A trial looking at treatment for people with newly diagnosed chronic lymphocytic leukaemia (ADMIRE)

Cancer type:

Blood cancers
Chronic leukaemia
Chronic lymphocytic leukaemia (CLL)




Phase 2

This trial looked at standard chemotherapy and rituximab with or without mitoxantrone for people with newly diagnosed chronic lymphocytic leukaemia (CLL).

Cancer Research UK supported this trial.

More about this trial

Doctors usually treat CLL with 2 chemotherapy drugs called fludarabine and cyclophosphamide in combination with a targeted cancer drug (a biological therapy) called rituximab. Doctors call this combination FCR.

Earlier trials suggested that adding a chemotherapy drug called mitoxantrone to FCR might be a useful treatment for CLL. Doctors call this combination FCM-R. 

The doctors in this trial thought that this combination would help to lower the number of leukaemia cells that can be left behind after treatment. Remaining cancer cells are called ‘minimum residual disease’ or MRD. An undetectable MRD level means the leukaemia is less likely to come back.

The aims of this trial were to find:

  • if FCM-R was better than FCR for people with newly diagnosed CLL 
  • more about the side effects

Summary of results

The team found that FCM-R wasn’t better than FCR for people with newly diagnosed CLL.

This was a phase 2 trial. It was a randomised trial. The 215 people who took part were put into 1 of 2 treatment groups by a computer. Neither they or their doctor chose which group they were in:

  • 107 people were in the FCR group
  • 108 people were in the FCM-R group

ADMIRE trial diagram

After treatment the team looked at how many people in each group had no sign of their leukaemia (a complete response). They found that:

  • 60 out of the 107 people who had FCR had a complete response
  • 65 out of the 108 people who had FCM-R had a complete response

3 months after finishing treatment everyone had a bone marrow test. This was to assess the minimum residual disease (MRD) in each group. They found that there was a very small amount or no MRD in:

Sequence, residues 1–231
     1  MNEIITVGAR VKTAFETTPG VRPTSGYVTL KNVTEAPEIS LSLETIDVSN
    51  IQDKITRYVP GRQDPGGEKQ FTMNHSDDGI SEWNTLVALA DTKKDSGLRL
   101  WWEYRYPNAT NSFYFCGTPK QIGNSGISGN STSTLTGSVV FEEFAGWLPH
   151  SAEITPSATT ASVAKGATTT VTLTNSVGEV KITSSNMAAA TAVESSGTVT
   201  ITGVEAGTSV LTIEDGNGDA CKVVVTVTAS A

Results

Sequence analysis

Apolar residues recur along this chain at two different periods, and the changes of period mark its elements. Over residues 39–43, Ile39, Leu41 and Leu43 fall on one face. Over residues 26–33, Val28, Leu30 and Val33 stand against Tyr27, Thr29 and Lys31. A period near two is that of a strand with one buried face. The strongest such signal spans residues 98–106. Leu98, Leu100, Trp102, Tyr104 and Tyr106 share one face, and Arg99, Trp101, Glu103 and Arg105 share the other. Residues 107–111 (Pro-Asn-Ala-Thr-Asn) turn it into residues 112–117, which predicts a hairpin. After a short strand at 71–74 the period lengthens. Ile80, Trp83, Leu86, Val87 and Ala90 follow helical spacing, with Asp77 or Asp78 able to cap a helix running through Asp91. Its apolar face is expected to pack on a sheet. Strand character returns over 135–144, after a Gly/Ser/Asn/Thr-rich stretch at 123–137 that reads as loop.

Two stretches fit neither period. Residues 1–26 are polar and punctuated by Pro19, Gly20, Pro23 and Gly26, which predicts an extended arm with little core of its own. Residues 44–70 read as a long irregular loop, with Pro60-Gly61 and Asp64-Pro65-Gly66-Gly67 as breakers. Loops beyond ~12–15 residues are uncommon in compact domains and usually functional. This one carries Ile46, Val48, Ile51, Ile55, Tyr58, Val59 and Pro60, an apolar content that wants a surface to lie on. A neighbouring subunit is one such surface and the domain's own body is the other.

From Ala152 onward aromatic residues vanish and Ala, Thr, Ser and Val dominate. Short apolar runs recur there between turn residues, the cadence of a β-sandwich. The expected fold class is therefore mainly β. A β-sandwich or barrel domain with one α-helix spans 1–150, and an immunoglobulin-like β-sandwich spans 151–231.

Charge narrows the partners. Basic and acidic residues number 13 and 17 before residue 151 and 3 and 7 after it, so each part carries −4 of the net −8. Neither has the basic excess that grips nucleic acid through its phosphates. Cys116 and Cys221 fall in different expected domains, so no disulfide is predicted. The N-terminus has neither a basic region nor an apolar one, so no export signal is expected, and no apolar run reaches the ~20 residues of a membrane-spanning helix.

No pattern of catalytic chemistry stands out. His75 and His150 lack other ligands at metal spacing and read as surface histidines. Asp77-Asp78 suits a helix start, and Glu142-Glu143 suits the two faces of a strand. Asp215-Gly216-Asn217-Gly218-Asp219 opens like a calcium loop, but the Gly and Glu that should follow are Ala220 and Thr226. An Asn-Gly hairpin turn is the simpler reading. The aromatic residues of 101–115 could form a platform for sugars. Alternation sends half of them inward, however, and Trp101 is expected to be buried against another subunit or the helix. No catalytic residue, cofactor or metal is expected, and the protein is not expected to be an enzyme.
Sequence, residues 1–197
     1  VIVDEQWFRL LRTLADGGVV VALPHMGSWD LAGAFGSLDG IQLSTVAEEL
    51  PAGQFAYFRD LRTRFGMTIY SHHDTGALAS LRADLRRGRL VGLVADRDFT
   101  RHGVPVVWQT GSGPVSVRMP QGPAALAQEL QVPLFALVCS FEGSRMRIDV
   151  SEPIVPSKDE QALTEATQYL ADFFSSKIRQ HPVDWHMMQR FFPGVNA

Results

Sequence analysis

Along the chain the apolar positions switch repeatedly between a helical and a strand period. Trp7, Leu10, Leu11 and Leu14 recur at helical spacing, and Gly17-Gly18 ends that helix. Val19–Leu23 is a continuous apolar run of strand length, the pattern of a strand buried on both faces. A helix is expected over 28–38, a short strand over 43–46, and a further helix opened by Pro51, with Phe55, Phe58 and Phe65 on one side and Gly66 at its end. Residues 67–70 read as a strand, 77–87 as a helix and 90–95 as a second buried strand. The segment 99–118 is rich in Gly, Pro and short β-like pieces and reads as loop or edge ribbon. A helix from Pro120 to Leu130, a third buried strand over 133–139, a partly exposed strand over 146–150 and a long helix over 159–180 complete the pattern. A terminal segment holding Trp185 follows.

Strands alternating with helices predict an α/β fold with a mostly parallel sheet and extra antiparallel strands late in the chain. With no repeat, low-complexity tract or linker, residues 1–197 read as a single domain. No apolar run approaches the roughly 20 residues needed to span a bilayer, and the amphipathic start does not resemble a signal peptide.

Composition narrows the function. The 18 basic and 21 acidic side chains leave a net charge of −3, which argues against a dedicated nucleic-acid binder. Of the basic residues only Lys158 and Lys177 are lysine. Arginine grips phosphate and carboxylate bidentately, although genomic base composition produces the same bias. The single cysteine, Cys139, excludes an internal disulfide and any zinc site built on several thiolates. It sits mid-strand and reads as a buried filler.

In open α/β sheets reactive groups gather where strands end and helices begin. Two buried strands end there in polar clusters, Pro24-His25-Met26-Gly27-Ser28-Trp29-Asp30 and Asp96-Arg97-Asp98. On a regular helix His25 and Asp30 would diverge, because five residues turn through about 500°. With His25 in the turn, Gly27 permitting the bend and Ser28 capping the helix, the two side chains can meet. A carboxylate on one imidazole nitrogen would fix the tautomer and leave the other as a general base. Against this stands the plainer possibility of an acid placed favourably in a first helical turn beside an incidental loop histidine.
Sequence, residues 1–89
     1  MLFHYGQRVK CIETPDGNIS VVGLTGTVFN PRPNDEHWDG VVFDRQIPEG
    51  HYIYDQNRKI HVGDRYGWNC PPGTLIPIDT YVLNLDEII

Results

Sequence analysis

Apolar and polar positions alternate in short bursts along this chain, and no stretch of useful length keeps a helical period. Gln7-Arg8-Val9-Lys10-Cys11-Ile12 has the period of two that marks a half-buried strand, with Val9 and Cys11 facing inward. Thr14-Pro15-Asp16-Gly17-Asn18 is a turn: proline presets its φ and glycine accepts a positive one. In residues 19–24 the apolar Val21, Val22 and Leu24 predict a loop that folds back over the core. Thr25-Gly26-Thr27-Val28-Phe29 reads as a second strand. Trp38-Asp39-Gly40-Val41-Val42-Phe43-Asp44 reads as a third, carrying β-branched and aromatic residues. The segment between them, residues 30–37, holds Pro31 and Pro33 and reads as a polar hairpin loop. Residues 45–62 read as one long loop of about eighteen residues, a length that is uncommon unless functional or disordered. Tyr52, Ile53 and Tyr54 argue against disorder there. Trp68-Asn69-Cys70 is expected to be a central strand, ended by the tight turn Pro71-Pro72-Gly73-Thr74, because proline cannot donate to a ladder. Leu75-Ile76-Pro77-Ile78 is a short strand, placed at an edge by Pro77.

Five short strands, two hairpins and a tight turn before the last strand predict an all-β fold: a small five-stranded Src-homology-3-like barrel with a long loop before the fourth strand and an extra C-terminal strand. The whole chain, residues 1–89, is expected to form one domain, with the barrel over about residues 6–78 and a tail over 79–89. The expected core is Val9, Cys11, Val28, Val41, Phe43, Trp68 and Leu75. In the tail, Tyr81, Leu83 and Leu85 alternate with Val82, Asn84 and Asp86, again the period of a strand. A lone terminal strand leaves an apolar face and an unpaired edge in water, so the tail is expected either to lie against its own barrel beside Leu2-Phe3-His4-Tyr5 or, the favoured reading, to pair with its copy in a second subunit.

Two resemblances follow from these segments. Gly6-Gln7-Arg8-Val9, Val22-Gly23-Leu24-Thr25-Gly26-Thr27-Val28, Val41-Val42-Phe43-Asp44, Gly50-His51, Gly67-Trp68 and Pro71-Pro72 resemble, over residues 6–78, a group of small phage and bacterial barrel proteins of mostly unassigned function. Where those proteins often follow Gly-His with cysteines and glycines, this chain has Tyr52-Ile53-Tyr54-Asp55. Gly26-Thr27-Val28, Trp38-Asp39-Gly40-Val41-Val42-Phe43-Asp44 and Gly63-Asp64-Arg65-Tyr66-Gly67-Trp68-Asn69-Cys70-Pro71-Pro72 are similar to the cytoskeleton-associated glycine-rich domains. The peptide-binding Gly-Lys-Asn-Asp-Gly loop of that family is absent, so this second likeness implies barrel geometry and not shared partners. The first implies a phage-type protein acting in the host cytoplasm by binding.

• 54 people who had FCR
  • 47 people who had FCM-R

After an average follow up of 5 years the researchers found no significant difference between the 2 groups when they looked at:

  • the number of people who were alive and had no sign of leukaemia
  • the total number of people who were alive

The side effects of FCR and FCM-R were similar. The worst side effects people had were infections. 

Some people in both groups didn’t complete their treatment because side effects were too bad. The number who competed their treatment was:

  • 82 people (76.6%) in the FCR group
  • 72 people (66.7%) in the FCM-R group

The trial team concluded that adding mitoxantrone to FCR (FCM-R) didn’t improve the response rate of chronic lymphocytic leukaemia in newly diagnosed people. FCR remains the standard treatment Open a glossary item for these people. 

We have based this summary on information from the research team. The information they sent us has been reviewed by independent specialists (peer reviewed Open a glossary item) and published in a medical journal. The figures we quote above were provided by the trial team who did the research. We have not analysed the data ourselves.

Recruitment start:

Recruitment end:

How to join a clinical trial

Please note: In order to join a trial you will need to discuss it with your doctor, unless otherwise specified.

Please note - unless we state otherwise in the summary, you need to talk to your doctor about joining a trial.

Chief Investigator

Professor Peter Hilmen

Supported by

Cancer Research UK
Experimental Cancer Medicine Centre (ECMC)
NIHR Clinical Research Network: Cancer
The Leeds Teaching Hospitals NHS Trust
University of Leeds

Other information

This is Cancer Research UK trial number CRUKE/09/016.

If you have questions about the trial please contact our cancer information nurses

Freephone 0808 800 4040

Last review date

CRUK internal database number:


Please note - unless we state otherwise in the summary, you need to talk to your doctor about joining a trial.

Around 1 in 5 people take part in clinical trials

3 phases of trials

Around 1 in 5 people diagnosed with cancer in the UK take part in a clinical trial.

Last reviewed:

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